|New York Mountain summit ridge.|
I am sliding. No doubt about it. It is slow motion at first. I reach for a spike of wind sculpted snow and it crumbles in my hands. I watch each crystal shine and reflect the magnificent sun as they burst into powder. I reach for a horn of golden granite covered in pink and lime lichens. No luck. Faster and faster I accelerate until the rocks and ice around me pass as only a blur. I trigger a spindrift avalanche as I go. It follows me down, sharing my last moments of consciousness. A crampon catches and I begin the cartwheeling end-over-end dance that leaves alpinists in pieces and all but assures closed caskets...if they ever find you. Then, just as suddenly as my descent began, I nestle into a soft spot in a mushy pile of fluff and all is calm. It is quiet in this crack deep inside the glacier. I have found a tiny perch on a bench of snow with room for one butt. Make that 2 butts. Beside me is the Old Man. He looks cold, like he has been there a while. He is missing a glove. He is missing some skin here and there. We share a smile. The avalanche catches up and pours over us. I swim upward into the deluge but it is over in a blink. I am suffocating as everything flashes white...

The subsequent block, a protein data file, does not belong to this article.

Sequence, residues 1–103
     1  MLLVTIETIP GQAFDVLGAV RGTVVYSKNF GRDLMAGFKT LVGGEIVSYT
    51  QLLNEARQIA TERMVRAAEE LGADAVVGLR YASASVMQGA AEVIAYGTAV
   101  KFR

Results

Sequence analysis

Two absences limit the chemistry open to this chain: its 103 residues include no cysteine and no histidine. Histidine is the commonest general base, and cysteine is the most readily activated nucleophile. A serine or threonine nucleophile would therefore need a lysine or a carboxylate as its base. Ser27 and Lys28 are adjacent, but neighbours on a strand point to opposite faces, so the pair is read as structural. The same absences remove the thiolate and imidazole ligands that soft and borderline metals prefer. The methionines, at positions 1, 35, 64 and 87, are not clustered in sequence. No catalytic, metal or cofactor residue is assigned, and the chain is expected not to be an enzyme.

Sleep apnea! I gasp for at least a minute in the blackness of my tent as I wake and embrace reality. I have not slept above 10,000 feet since Alaska in 2005. High altitude messes with the mind and makes sleep a bizarre experience. The apnea strikes all night long inducing panic and a feeling of suffocation as I periodically forget how to breathe. I am on New York Mountain, a nondescript 12,600' peak near Eagle, Colorado in the Sawatch Mountains. It is snowing and I plan to summit tomorrow. Bigger, harder and more beautiful mountains surround the peak, yet no mountain on earth has more significance in guiding the trajectory of my family. Let's start at the beginning.